St. Mary’s Safety Patrol

It took a minute to figure out which school safety patrol these boys belonged to. The gas station and houses looked a little familiar, but it didn’t have the feel of Broadway about it. I like that you can see the driver in the car on the left and that the girl’s right shoestring is flapping.

St. Mary’s Mass schedule

The frame with the St. Mary’s Cathedral school in the background helped nail it down. It was the corner of Sprigg and William that I’ve written about before.

Sherer’s Mobil Service Station

The sign above the door says S.H. “Bud” Sherer Dealer. (It might be “Bub.” It’s hard to tell at the angle).

Station and houses are gone

This April 17, 2011, aerial shows that the station and the houses on the corner are all gone.

Photo gallery of St. Mary’s School Safety Patrol

Click on any photo to make it larger, then click on the left or right side of the image to move through the gallery. Here was Trinity Lutheran School’s Safety Patrol, including a video.

11 Replies to “St. Mary’s Safety Patrol”

  1. It took many years before girls were deemed worthy enough to do safety patrol work which is funny when you think of how many more girls do babysitting and other jobs involving safety of others at a very young age.

    1. I did get a stint in at St Mary’s around 1960. The “patrol boys” did get out of school a little earlier to be ready. The trick was to learn how to roll up the white belt and pin the badge. The belt was derived from the military. The Sam Browne (British) officer developed the cross strap to stablize his side sword to draw out. In WWI the US adopted it and later only for officers. My dad was in the color (flags, rifle, etc.) guard for the Golden Trooper Drum and Bugle Corps. Then it was a dress belt. The white, cotton, school crossing guard safety belt was featured on a 1952 AAA commerative stamp. Carrying a really big stick was helpful with the authority figure swagger.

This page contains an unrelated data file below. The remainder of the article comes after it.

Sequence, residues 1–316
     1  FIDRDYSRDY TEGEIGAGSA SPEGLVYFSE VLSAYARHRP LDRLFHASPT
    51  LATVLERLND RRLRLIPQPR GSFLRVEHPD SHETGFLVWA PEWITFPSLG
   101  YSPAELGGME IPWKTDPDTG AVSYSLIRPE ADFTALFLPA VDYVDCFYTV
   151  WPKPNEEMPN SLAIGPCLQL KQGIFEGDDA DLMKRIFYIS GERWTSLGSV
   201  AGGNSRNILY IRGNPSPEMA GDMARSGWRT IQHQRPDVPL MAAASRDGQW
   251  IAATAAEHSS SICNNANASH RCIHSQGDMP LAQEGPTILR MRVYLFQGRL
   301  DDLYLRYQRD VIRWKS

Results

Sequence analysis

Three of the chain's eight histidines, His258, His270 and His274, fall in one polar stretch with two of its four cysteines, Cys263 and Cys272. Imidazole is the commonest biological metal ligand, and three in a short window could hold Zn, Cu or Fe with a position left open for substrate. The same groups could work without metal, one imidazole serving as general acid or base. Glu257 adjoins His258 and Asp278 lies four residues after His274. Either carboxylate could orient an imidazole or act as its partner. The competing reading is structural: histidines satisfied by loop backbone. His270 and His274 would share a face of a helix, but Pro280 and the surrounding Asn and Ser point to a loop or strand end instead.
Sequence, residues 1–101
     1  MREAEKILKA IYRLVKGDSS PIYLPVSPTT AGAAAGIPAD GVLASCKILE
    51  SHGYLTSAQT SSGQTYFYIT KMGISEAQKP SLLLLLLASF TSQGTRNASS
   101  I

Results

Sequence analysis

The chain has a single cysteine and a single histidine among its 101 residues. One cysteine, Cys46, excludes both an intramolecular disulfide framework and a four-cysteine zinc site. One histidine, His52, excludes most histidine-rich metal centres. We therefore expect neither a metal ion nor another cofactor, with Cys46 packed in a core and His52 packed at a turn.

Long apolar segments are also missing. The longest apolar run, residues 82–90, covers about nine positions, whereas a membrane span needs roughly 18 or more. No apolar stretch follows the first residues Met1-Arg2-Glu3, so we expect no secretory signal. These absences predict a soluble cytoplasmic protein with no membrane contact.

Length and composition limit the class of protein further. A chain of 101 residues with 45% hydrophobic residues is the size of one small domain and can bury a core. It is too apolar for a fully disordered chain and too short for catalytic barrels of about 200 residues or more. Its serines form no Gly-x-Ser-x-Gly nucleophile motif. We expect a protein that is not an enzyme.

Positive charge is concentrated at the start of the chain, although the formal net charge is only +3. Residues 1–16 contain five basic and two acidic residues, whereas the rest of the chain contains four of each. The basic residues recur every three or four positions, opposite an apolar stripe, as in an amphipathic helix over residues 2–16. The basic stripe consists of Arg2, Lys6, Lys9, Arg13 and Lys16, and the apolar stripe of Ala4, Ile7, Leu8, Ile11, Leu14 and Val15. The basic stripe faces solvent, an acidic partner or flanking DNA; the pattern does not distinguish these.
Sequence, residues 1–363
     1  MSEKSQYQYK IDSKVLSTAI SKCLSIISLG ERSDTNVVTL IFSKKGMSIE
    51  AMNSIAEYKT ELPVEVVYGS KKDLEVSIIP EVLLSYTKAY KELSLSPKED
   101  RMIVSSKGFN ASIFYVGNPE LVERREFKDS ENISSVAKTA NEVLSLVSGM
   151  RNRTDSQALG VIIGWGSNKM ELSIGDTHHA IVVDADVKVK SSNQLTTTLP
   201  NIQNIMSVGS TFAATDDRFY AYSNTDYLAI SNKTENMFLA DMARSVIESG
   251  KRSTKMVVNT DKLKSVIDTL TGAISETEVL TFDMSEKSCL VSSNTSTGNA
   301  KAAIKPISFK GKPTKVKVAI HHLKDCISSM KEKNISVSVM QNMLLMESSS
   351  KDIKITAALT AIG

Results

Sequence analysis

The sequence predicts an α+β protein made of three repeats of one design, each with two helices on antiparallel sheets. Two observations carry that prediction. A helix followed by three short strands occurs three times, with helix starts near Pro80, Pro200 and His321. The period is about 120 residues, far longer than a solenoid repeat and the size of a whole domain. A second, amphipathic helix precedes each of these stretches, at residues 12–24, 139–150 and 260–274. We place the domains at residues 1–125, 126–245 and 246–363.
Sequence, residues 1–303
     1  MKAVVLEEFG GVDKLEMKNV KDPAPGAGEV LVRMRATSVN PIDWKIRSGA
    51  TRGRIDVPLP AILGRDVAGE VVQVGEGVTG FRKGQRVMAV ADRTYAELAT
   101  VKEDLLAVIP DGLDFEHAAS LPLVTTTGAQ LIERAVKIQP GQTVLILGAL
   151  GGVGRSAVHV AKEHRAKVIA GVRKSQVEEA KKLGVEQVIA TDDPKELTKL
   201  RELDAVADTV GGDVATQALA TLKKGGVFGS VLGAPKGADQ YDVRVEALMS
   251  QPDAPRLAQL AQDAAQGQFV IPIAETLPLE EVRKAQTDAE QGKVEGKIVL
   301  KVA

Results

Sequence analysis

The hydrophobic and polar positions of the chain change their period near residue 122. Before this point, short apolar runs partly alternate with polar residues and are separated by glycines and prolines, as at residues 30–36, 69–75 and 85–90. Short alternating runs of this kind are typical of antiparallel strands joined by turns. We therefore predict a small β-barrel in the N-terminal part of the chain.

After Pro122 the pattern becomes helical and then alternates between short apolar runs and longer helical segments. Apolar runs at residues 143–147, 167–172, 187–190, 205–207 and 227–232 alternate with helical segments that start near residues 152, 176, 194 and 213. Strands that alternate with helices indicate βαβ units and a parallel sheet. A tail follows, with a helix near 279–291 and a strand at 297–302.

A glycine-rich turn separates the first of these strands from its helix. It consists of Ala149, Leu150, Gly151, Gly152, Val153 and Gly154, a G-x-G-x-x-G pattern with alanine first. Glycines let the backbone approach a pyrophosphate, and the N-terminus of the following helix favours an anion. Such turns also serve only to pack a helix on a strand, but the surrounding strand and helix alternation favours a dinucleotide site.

2. Pay closer attention to the Saftey Patrol boys and you see evidence of the level of training they received. Even though not in uniform, the other patrol members are readily identified by the fact that they are at Parade Rest in the background. The flaggers, when not stopping vehicle traffic are at Parade Rest with their flags out to their right, protecting against crosswalk traffic. The Travelers Protective Association made it a point to train the boys properly and emphasized the seriousness of their position.
    Matt, the TPA logo is different from the Fallout Shelter symbol; the Fallout Shelter symbol is a three triangle stack in a circle, the TPA logo is three pie-shapes with one on the bottom.

  3. If I remember correctly Jane, in the 6th grade at Lorimier School, either there weren’t enough boys, boys didn’t want to do it or they got in trouble and they had the girls doing the crossing guard duties. I remember being on guard in the afternoon when the little kids got out, about 1:30 I think. That was neat because you got out of class to do it. Also the cement trucks coming up Independence hill had trouble stopping at the stop sign and taking off again. Tried to wave them through when there wasn’t anyone waiting to cross but most of them stopped anyway.

  4. These photos bring back memories. Growing up, our house was just across William St where the empty,brown lot is in your photo. We jay-walked across the street and home. We were all in school there when you took these photos. Lila would have been about 12.

    1. I tell people often about how these guards marched out and stood at attention. Isn’t a shame the difference in respect of authority today?

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